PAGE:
"It took a bit of experimenting before I got the hang of it… There was one long afternoon in particular… people took it the wrong way. […]Even those clock-trees." She snorted ruefully. "Brilliant idea those were. they never did a bloody thing. The funniest part is that Martin was terrified of them! He couldn't figure them out. […]I was careful. The Watcherwoman never killed anyone. I cut corners, sometimes at other people's expense, but I had other things on my mind. My job was to stop Martin, and I did what I had to." {ibid., p. 379}

Her quest takes her back and forth in time and between worlds. At last, in Upstate New York in the 21st century, students at Brakebills— (…no? try the flower…) —College for Magical Pegagogy inadvertently summon Martin, and he commits murder on Earth. He'd done it once before: when he returned to kill Plover.

This time, Jane follows and begins to covertly seek the right champion, or combination of champions, from Brakebills. She had to rewind time over and over, manipulating different people onto different paths, to find the right circumstance in which Martin could be defeated.

"You have to understand… I'm a witch, not a god. I've tried this so many ways. I've gone down so many different timelines. I've sent so many other people to fight Martin. Don't make me lecture you on the practicalities of chronological manipulation, Quentin. Change one variable and you change them all. Did you think you were the first one to face Martin in that room? Do you think that was even the first time you faced him? That battle has been fought again and again. I've tried it so many different ways. Everyone always died. And I always wound back the clock.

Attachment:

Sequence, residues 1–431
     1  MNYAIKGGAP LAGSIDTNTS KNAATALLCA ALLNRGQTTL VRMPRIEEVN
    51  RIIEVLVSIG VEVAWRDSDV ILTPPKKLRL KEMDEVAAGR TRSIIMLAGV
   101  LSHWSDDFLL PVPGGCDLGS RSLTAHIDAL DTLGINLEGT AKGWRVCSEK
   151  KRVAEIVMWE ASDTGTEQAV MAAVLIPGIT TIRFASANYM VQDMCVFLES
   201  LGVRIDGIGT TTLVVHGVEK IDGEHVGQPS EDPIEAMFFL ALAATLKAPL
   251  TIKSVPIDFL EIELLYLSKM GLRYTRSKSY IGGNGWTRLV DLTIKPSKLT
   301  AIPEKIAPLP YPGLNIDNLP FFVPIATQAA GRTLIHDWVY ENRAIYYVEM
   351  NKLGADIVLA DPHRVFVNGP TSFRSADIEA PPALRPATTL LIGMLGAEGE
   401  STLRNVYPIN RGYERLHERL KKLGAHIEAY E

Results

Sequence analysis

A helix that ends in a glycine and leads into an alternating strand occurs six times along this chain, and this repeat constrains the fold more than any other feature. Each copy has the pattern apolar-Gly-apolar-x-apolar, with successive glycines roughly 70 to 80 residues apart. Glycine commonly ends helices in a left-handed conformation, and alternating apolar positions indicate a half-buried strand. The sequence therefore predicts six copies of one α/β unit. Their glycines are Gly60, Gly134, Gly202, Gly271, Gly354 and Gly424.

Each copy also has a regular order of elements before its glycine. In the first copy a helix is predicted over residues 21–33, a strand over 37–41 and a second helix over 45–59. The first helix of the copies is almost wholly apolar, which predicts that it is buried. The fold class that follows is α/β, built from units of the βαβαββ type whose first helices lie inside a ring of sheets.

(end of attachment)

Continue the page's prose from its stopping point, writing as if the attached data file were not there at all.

"As bad as it was, as bad as it is, this is by far the best outcome I've ever achieved. …And I'm sticking with it. I can't risk losing everything we've gained."

[…] "Well, then. We'll go back all the way. To before The World in the Walls. Stop him before it all starts. Find a timeline where he doesn't even go to Fillory."

"I've tried, Quentin! I've tried! …He always does. I've tried it a thousand times. There is no world where he doesn't. …I'm tired. …I lost my brother. I'm tired of fighting that thing that used to be Martin." {ibid., pp. 380-381}

…It's at last achieved, Martin is killed, and Jane breaks her magic watch, ending her power over time.

"I keep telling myself that we lost him that first night, when he walked away into the forest. It was never him after that, not really. […] But I'm the only Chatwin left now. He was a monster, but he was the last family I had." {ibid., p. 379}


She was different from the other Chatwins: more thoughtful, with an unpredictable sense of humor and a sharper edge than her slightly saccharine, Dick-and-Jane siblings. {ibid., p. 85}